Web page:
Agency Laws in Georgia - Who's Watching Out for Your Interests?
Before you list your home for sale, or choose an agent to help you find a home to purchase, it’s important to understand what legal responsibilities your real estate salesperson has to you and to other parties in the transaction. Before entering into a relationship with a real estate company, ask what type of agency relationship your agent has with you.
A seller’s agent is hired by and represents the seller. All fiduciary duties are owed to the seller. In Georgia, the agency relationship is created by a listing contract that spells out the duties owed by each party to the other.
Buyer’s representative (also known as a buyer’s agent or selling agent)
The law in Georgia requires that a buyer, who desires to have the representation of a licensed real estate agent, enter into a legal agreement whereby the terms of the relationship are spelled out for each party. You’d be amazed how often agents put buyers in their car and never get this required paperwork signed! A buyer’s agent is hired by prospective buyers to represent them in a real estate transaction. The buyer’s rep works in the buyer’s best interest throughout the transaction and owes fiduciary duties to the buyer. The buyer can pay the licensee directly through a negotiated fee, or the buyer’s rep may be paid by the seller or through a commission split with the listing agent who represents the seller.
A subagent owes the same fiduciary duties to the agent’s customer as the agent does. Subagency usually arises when a cooperating sales associate from another brokerage, who is not the buyer’s agent, shows property to a buyer. In such a case, the subagent works with the buyer as a customer but owes fiduciary duties to the listing broker and the seller. Although a subagent cannot assist the buyer in any way that would be detrimental to the seller, a buyer-customer can expect to be treated honestly by the subagent. It is important that subagents fully explain their duties to buyers.
Disclosed dual agent
Dual agency is a relationship in which the brokerage firm represents both the buyer and the seller in the same real estate transaction. Dual agency relationships do not carry with them all of the traditional fiduciary duties to clients. Instead, dual agents owe limited fiduciary duties. Because of the potential for conflicts of interest in a dual-agency relationship, it’s vital that all parties give their informed consent. In many states, this consent must be in writing. Disclosed dual agency, in which both the buyer and the seller are told that the agent is representing both of them, is legal in most states. Conrad Lyles Realtors does not practice dual agency under any circumstances.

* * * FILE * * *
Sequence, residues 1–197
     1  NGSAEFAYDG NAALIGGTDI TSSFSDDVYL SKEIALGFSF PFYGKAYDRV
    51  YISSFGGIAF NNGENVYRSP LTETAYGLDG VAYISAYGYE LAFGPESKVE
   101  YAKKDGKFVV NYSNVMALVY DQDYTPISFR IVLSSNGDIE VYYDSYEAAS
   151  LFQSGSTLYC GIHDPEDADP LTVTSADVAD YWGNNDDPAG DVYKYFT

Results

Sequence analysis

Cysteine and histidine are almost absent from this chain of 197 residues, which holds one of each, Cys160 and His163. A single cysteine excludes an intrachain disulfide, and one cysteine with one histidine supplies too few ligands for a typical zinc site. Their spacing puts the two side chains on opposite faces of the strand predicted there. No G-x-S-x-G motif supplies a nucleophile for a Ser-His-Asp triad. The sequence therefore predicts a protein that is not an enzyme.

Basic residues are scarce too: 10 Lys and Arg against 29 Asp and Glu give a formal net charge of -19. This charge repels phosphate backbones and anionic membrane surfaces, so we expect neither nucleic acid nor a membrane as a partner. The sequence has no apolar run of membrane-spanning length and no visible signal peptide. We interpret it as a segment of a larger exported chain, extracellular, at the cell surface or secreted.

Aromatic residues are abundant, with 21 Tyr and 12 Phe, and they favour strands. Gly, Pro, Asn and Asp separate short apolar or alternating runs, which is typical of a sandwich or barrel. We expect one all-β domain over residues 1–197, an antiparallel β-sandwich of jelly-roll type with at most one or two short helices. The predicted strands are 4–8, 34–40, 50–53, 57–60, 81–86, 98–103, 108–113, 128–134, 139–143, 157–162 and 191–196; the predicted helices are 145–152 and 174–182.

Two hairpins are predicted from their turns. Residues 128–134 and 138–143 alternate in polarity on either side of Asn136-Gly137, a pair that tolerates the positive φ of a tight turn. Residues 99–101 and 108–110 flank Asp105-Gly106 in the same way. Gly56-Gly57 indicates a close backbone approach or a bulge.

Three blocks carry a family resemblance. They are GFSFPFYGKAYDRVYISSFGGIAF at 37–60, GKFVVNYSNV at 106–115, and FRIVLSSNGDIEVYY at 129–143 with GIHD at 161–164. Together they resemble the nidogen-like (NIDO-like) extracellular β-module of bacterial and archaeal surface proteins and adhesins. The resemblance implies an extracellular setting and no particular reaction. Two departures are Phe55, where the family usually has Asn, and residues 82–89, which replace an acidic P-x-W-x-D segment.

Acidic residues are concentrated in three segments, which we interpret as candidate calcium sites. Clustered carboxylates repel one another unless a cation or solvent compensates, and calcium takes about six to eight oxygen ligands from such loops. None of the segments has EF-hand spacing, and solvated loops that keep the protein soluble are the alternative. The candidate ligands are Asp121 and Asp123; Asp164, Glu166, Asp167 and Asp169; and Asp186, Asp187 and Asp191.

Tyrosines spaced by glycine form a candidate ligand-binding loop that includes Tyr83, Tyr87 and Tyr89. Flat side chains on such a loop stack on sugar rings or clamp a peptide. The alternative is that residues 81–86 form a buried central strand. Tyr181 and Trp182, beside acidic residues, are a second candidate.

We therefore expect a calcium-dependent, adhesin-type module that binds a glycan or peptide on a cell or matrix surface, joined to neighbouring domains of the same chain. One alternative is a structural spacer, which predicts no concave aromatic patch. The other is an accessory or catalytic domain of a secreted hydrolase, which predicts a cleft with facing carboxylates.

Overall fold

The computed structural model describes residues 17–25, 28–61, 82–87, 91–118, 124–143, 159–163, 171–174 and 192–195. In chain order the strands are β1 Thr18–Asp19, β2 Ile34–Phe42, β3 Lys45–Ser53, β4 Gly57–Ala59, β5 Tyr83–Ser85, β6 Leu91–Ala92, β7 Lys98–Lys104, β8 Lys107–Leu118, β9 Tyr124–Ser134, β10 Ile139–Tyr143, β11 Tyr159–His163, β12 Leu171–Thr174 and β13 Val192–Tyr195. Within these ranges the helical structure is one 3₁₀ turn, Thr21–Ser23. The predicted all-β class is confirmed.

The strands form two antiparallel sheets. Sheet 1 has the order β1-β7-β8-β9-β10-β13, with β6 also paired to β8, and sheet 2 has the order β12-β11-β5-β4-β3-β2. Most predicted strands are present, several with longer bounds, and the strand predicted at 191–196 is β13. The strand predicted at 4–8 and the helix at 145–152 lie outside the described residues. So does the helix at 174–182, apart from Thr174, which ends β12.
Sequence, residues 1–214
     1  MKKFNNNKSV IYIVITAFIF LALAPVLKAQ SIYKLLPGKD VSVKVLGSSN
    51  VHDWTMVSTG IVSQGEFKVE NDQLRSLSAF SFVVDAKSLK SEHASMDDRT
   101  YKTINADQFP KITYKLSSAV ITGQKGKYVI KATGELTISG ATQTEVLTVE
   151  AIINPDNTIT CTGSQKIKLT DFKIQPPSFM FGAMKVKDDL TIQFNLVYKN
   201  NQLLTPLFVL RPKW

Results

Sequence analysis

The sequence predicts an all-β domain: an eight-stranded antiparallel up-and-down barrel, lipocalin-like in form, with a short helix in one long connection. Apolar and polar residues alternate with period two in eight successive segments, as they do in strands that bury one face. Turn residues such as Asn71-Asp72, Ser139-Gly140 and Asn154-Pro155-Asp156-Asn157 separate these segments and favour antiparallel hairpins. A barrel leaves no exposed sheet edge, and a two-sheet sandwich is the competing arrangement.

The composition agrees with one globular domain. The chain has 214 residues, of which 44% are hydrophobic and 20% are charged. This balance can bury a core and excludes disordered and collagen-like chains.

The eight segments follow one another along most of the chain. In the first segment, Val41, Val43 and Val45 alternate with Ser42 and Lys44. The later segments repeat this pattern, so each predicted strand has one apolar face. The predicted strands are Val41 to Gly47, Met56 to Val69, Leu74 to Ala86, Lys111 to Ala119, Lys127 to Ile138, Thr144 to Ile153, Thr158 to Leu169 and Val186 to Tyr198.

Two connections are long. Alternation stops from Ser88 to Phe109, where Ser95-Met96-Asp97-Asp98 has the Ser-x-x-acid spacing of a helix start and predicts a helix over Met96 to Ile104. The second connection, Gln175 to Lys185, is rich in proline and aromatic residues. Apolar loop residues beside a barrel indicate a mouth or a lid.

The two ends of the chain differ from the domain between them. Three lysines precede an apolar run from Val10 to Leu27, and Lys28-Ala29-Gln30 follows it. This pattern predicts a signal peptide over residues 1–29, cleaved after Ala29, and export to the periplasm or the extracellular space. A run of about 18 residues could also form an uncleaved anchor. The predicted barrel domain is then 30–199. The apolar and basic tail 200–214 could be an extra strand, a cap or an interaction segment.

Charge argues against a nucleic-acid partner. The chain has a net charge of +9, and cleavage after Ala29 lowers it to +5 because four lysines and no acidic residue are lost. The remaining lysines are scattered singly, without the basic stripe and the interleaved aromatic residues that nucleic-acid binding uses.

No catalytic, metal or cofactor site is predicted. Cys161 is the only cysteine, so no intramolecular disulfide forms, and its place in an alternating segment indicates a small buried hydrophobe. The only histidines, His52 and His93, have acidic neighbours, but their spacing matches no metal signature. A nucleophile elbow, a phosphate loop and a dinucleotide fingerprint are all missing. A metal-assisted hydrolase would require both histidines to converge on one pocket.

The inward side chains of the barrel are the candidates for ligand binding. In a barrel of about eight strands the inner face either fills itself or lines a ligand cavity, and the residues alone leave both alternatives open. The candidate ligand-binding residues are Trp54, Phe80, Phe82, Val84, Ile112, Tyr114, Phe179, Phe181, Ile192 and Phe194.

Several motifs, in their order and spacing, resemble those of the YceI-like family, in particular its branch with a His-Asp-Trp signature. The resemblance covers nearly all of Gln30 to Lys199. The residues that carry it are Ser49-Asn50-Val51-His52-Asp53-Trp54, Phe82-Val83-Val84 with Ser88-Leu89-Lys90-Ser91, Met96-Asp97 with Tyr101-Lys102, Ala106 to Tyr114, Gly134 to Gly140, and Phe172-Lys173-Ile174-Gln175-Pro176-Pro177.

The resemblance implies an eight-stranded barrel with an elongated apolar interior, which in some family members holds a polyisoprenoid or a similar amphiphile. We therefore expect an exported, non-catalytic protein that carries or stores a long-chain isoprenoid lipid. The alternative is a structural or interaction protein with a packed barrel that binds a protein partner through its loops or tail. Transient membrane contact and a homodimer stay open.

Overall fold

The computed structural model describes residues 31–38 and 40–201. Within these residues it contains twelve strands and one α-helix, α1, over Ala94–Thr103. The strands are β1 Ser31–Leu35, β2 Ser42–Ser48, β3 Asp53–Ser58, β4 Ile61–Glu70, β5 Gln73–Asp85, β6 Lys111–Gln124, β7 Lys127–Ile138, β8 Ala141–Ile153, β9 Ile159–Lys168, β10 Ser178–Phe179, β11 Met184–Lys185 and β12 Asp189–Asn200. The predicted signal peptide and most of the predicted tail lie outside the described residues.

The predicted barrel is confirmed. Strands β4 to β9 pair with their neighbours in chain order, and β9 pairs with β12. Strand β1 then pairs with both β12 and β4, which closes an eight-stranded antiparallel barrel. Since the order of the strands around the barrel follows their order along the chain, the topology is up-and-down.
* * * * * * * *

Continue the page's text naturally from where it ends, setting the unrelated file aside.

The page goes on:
Designated agent (also called appointed agent)
This is a brokerage practice that allows the managing broker to designate which licensees in the brokerage will act as an agent of the seller and which will act as an agent of the buyer. Designated agency avoids the problem of creating a dual-agency relationship for licensees at the brokerage. The designated agents give their clients full representation, with all of the attendant fiduciary duties. The broker still has the responsibility of supervising both groups of licensees. Conrad Lyles Realtors does not practice designated agency.
Nonagency relationship (called, among other things, a transaction broker or facilitator)
Some states permit a real estate licensee to have a type of nonagency relationship with a consumer. These relationships vary considerably from state to state, both as to the duties owed to the consumer and the name used to describe them. Very generally, the duties owed to the consumer in a nonagency relationship are less than the complete, traditional fiduciary duties of an agency relationship.
Negotiating Tip 114: Retreat Negotiations
March 29, 2019
Negotiating Tip 113: Activating Our Opponent
March 28, 2019
Negotiating Tip 112: Misconceptions
March 27, 2019